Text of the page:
A second group is formed by those dreams which are indeed self-coherent and have a distinct meaning, but appear strange because we are unable to reconcile their meaning with our mental life. That is the case when we dream, for instance, that some dear relative has died of plague when we know of no ground for expecting, apprehending, or assuming anything of the sort; we can only ask ourself wonderingly: "What brought that into my head?" To the third group those dreams belong which are void of both meaning and intelligibility; they are _incoherent, complicated, and meaningless_. The overwhelming number of our dreams partake of this character, and this has given rise to the contemptuous attitude towards dreams and the medical theory of their limited psychical activity. It is especially in the longer and more complicated dream-plots that signs of incoherence are seldom missing.
The contrast between manifest and latent dream-content is clearly only of value for the dreams of the second and more especially for those of the third class. Here are problems which are only solved when the manifest dream is replaced by its latent content; it was an example of this kind, a complicated and unintelligible dream, that we subjected to analysis. Against our expectation we, however, struck upon reasons which prevented a complete cognizance of the latent dream thought. On the repetition of this same experience we were forced to the supposition that there is an _intimate bond, with laws of its own, between the unintelligible and complicated nature of the dream and the difficulties attending communication of the thoughts connected with the dream_. Before investigating the nature of this bond, it will be advantageous to turn our attention to the more readily intelligible dreams of the first class where, the manifest and latent content being identical, the dream work seems to be omitted.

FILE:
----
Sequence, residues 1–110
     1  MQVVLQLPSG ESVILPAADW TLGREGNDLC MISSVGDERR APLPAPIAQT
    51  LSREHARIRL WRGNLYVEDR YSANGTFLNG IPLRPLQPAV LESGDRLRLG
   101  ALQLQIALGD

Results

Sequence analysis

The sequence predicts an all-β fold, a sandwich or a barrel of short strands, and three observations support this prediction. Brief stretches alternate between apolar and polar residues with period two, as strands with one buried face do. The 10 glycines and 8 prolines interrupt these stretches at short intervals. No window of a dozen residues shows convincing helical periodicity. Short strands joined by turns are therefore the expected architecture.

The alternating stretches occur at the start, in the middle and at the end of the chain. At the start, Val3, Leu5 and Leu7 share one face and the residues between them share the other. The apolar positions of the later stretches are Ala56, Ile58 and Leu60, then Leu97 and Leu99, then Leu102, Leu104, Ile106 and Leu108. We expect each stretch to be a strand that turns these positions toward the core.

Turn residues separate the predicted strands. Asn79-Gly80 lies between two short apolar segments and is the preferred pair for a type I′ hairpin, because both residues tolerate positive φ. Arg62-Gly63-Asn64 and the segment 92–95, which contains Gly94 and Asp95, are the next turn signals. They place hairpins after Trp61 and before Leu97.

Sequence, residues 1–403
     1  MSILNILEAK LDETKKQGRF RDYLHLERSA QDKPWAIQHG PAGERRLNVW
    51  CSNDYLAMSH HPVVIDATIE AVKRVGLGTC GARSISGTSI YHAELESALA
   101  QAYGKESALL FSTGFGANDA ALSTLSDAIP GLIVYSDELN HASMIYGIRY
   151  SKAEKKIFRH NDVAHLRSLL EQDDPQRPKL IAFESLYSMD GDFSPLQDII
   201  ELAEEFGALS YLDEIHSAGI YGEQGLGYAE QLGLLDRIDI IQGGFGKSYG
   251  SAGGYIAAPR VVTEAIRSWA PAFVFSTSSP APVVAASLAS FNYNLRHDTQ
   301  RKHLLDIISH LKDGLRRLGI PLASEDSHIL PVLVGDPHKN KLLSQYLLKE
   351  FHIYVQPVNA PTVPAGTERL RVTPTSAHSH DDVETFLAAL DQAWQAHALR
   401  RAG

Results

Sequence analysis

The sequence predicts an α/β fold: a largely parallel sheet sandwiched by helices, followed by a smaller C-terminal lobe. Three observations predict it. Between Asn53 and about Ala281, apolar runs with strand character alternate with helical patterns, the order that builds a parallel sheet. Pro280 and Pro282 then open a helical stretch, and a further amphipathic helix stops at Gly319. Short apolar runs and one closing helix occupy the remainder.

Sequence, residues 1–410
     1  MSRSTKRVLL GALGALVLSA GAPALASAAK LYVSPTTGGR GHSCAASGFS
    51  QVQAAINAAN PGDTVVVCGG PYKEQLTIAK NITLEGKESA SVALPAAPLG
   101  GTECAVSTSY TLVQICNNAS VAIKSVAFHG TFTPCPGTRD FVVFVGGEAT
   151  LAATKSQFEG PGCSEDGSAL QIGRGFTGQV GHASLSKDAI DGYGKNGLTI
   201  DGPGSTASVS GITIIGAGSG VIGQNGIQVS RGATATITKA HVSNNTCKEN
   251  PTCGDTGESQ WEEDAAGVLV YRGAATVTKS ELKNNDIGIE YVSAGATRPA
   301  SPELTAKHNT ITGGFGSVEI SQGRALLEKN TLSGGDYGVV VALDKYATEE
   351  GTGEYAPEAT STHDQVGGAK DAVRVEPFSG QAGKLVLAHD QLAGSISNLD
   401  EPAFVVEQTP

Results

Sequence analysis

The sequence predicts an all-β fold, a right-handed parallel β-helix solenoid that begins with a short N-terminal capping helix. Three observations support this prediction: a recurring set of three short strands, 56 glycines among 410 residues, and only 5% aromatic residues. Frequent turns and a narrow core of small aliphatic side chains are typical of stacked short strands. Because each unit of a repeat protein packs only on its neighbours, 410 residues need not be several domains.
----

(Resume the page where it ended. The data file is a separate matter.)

The investigation of these dreams is also advisable from another standpoint. The dreams of children are of this nature; they have a meaning, and are not bizarre. This, by the way, is a further objection to reducing dreams to a dissociation of cerebral activity in sleep, for why should such a lowering of psychical functions belong to the nature of sleep in adults, but not in children? We are, however, fully justified in expecting that the explanation of psychical processes in children, essentially simplified as they may be, should serve as an indispensable preparation towards the psychology of the adult.